The roundup of jury news this week notes that a couple famous faces failed to make it onto juries:
- Joe Biden got called in Delaware but was dismissed before long, though his entire pool got sent away. Nothing personal there.
- Supreme Court Justice Elena Kagan also got the call, but she never made it onto a jury.
The conventional wisdom is that folks like this would never make it onto a jury, but in fact, those who serve on juries make up a more diverse cross-section of the public than most people would guess. Cases like Biden and Kagan confirm the sense that judges and attorneys don’t permit celebrities on their juries, but those cases (neither of which involve actual dismissal during voir dire) contrast with incidents like Oprah Winfrey sitting on a jury that convicted a man of murder in 2004.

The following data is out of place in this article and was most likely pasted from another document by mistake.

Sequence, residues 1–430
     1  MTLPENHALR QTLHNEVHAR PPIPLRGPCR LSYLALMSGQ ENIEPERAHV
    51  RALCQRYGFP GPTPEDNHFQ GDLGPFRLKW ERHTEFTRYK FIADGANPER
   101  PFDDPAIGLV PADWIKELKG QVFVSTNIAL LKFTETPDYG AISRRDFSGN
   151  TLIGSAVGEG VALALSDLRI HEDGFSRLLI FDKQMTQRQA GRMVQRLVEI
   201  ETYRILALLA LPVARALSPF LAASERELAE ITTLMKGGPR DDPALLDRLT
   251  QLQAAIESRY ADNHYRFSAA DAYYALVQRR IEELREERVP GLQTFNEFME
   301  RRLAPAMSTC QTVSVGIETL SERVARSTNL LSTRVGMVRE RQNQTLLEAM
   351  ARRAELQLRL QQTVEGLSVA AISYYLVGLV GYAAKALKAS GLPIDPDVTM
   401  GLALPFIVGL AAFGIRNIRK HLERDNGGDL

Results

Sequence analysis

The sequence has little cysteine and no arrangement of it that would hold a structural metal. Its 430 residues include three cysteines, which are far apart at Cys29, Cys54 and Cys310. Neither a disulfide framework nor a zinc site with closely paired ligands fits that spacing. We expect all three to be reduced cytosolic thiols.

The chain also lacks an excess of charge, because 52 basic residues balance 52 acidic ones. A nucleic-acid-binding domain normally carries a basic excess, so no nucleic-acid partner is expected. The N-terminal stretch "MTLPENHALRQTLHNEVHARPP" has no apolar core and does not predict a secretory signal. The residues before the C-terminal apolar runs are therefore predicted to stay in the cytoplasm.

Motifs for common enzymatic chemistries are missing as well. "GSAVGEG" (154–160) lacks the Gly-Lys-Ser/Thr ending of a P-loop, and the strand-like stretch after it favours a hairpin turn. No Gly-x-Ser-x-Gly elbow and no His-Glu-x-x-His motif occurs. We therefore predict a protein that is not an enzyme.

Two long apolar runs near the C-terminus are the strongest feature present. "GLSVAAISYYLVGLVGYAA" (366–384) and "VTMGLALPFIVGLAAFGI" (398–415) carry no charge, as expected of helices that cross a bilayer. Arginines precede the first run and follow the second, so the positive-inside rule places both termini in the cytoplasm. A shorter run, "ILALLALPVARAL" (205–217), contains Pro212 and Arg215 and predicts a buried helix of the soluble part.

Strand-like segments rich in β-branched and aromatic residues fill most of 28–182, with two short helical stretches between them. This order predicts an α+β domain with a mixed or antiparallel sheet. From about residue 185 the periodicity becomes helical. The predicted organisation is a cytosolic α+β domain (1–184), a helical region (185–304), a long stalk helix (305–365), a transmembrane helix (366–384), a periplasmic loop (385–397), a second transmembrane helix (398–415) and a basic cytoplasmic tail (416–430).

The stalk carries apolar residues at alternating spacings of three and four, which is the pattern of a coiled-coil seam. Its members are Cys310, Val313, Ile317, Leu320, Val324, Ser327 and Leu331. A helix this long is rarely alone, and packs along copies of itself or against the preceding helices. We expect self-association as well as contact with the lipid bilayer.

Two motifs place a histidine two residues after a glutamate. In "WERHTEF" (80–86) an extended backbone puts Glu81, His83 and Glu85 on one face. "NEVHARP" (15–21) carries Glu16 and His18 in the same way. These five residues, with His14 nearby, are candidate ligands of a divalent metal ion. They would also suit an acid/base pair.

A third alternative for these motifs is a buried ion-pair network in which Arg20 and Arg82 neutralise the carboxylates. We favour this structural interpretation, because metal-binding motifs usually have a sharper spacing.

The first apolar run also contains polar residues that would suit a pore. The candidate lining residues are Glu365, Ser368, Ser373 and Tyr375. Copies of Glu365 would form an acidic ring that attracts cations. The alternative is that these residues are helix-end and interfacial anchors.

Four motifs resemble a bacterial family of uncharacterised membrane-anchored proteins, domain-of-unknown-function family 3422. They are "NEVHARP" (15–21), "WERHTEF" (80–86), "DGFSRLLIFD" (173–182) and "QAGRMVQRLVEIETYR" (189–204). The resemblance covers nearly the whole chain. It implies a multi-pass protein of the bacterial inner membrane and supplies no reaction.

In our own research on juries in King County, Washington, we were struck by how hard it was to predict who would be dismissed from jury service. Very few juror characteristics correlated with dismissal. Yes, those with more formal education were less likely to end up serving, but the differences were quite small.
Celebrity jurors do exist, and in a society that loves its celebs, it’s probably a good reminder that anyone and everyone can end up serving on juries.